Psychedelic Investing: Experience The Profits
When rock musician Jimi Hendrix released his debut album Are You Experienced in 1967, he was referring to the life-changing experience of lysergic acid diethylamide (LSD).
These days, a lot of ordinary consumers are becoming experienced with LSD, and efforts are accelerating to lift prohibitions against the drug.
Latest case in point: Currently under consideration in the California Assembly is a bill that would allow those 21 and older to possess LSD for personal use and “social sharing.” The proposed bill also covers psilocybin (the hallucinogenic component of magic mushrooms), dimethyltryptamine (DMT), ibogaine, mescaline excluding peyote, and 3,4-methylenedioxymethamphetamine (MDMA, often called ecstasy). See the following tweet, posted last week:
The proposed psychedelics law was passed by the California Senate during this year’s legislative session and was taken up by the Assembly, which is the lower house of the California State Legislature. Deliberations over the bill are expected to carry over into 2022.
California was the first in the U.S. to decriminalize medical marijuana in 1996; the Golden State seems poised to be the first to do the same for LSD.
The potential for investors to profit from the increasing respectability of LSD is enormous. Pharmaceutical companies are engaged in a race to develop LSD-based treatments. Marijuana companies are making plans to branch out into psychedelics, for medical as well as recreational purposes. A new industry is in the throes of being born. Early investors stand to make fortunes.
Lucy in the sky, with profits…
LSD is a Schedule I substance, which means the U.S. Food and Drug Administration designates the drug as one of the most dangerous substances and it’s banned on the federal level. Possessing any amount and any form of LSD is illegal in all 50 states. But efforts are underway in several states and localities to follow California’s lead in various capacities, including Washington DC, Michigan, Massachusetts, and Oregon.
Known colloquially as acid, LSD is synthesized in the lab. Discovered in 1943 by a Swiss chemist, LSD was used in various CIA and U.S. Army “thought control” experiments during the Cold War. The drug seeped into civilian society and became popular with the youth movement of the 1960s, spawning that era’s psychedelic culture.
As Beatle John Lennon once said: “We must always remember to thank the CIA and the Army for LSD.”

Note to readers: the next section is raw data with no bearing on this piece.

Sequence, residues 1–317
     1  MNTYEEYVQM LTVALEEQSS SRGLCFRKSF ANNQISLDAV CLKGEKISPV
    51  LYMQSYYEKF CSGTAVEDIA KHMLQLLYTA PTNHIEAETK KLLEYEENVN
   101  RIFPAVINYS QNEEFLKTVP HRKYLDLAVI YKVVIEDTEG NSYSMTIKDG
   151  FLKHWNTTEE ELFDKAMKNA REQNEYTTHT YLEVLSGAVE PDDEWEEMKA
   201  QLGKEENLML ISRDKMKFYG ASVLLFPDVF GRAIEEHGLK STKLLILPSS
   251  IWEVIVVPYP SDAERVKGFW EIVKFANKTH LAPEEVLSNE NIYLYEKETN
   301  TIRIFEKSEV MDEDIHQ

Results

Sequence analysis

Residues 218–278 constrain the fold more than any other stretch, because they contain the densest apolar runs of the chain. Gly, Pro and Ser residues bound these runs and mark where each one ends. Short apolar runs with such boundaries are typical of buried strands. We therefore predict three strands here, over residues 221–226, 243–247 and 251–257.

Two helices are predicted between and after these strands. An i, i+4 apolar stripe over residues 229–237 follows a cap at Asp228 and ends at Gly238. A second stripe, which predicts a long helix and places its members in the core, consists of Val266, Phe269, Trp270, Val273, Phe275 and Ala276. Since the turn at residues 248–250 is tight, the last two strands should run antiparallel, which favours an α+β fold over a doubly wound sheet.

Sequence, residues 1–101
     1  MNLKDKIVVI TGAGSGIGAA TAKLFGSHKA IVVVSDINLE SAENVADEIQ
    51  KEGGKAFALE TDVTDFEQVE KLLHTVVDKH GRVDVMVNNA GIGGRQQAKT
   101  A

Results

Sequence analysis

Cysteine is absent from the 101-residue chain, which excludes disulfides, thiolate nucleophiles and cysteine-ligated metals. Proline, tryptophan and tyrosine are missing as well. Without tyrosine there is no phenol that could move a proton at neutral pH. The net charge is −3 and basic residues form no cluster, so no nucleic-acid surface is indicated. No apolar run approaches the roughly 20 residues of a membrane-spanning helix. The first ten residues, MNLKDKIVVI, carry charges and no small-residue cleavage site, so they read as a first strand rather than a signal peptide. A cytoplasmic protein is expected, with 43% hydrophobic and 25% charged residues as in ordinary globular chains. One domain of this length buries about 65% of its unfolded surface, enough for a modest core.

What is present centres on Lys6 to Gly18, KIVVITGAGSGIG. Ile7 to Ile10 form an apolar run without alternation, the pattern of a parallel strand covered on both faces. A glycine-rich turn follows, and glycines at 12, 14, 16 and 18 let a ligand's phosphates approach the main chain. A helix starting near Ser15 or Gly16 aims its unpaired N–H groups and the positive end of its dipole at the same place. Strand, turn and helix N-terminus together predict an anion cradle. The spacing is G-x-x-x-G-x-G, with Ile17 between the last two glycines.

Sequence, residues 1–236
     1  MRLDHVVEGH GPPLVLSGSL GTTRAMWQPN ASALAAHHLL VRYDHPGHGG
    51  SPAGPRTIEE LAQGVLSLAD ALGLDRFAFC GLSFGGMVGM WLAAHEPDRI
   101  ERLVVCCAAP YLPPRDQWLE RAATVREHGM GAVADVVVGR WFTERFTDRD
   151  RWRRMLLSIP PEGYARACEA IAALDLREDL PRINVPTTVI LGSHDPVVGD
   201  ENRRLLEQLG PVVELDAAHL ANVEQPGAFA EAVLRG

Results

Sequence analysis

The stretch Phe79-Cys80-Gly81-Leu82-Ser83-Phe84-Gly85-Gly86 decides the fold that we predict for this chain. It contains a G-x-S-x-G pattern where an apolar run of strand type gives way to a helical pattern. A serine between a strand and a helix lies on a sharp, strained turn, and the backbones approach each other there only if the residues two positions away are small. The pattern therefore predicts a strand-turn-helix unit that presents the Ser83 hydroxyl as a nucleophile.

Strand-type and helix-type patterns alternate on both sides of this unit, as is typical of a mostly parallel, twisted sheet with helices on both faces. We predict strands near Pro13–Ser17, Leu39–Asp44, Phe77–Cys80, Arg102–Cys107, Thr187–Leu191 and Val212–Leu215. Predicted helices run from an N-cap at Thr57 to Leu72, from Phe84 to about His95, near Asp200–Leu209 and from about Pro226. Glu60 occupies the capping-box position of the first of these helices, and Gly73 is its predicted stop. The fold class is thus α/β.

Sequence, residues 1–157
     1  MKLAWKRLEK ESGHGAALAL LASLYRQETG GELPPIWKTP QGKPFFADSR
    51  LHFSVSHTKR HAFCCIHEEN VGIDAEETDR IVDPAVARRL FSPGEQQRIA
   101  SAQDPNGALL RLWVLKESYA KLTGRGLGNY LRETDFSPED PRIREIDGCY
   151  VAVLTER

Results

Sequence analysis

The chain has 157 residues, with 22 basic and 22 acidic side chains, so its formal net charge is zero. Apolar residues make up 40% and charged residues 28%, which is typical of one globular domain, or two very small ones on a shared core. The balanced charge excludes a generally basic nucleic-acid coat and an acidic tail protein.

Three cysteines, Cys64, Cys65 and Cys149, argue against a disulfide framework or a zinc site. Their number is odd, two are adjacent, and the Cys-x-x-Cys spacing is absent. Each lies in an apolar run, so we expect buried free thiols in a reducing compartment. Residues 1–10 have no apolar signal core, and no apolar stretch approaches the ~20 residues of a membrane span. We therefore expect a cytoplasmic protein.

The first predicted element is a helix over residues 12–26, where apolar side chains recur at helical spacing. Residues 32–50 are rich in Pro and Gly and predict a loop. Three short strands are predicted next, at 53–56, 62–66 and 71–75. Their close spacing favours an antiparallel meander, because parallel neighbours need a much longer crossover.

But LSD isn’t just for rebels and long-haired rock musicians anymore. An increasing body of research shows that the drug has medicinal benefits, and it can help alleviate depression, post-traumatic stress disorder, and other psychological ailments.
Lawmakers on Capitol Hill in recent days have introduced a series of drug policy-related amendments to the Pentagon’s budget appropriation for 2022, including proposals to expedite research on the benefits of psychedelics (e.g., LSD and magic mushrooms) for active duty military personnel.
The doors of perception…
So how exactly does LSD work?
Scientists generally agree that LSD is non-addictive with low potential for abuse. That said, LSD sometimes causes adverse psychological reactions, such as anxiety and paranoia, depending on the individual. In drug culture argot, it’s known as a “bad trip,” and it’s why some health experts remain opposed to lifting bans against the drug.
There are many ways to take LSD: tablets, liquids, thin squares of gelatin, or soaked in blotter paper. The latter is the most popular.
LSD causes its hallucinogenic effects through its interaction with the brain’s serotonin receptors. Serotonin is a neurotransmitter that governs behavior, mood, senses, and thoughts. The drug breaks down the parts of the brain that usually separate different functions (such as vision, sound and movement) to create a more integrated experience.
Usually, the first effects of the drug when taken by mouth are felt 30 to 45 minutes after ingestion, peaking at two to four hours, and may last about 12 hours or more. “Flashbacks” have been known to occur several months (or even years) later.
LSD’s effects include hallucinations; distorted visual perceptions of shapes and colors; distorted sounds; and euphoria. It also causes rapid heart rate; higher body temperature; and dilated pupils.
LSD also is capable of generating mystical experiences and ego disillusion. Many religions and spiritual beliefs, especially Buddhism, teach that the path to enlightenment involves effacement of the ego. Psychedelics such as LSD help toward this goal, as described by Aldous Huxley in his 1954 book “The Doors of Perception” (from whence the rock group “The Doors” got its name).
From mushroom caps to small-caps…
These days, everyone from Silicon Valley executives to suburban soccer moms are taking LSD, often in micro-doses, to treat physical or psychological pain or to tap creative energies. Of course, these “trips” are technically illegal. But not for long.
It all adds up to enormous momentum for companies involved in marijuana and psychedelics. In recent months, the first biotechnology firms to develop medical treatments from psychedelic drugs such as LSD and magic mushrooms (psilocybin) have gone public on Canadian stock exchanges. The small-cap markets have been invaded by a slew of psychedelics stocks to watch, thanks to new company initial public offerings.
Cannabis already is Big Business and as such, the major pot players are getting ready to co-opt the psychedelics movement through internal investments and mergers and acquisitions. Marijuana stocks have been surging so far in 2021; cannabis companies that are flush with cash are eyeing LSD and magic mushrooms as strategic investments.
I’m monitoring the nascent movement to bring LSD into the mainstream. In the meantime, we’ve pinpointed the best cannabis investments available. Click here for our free report.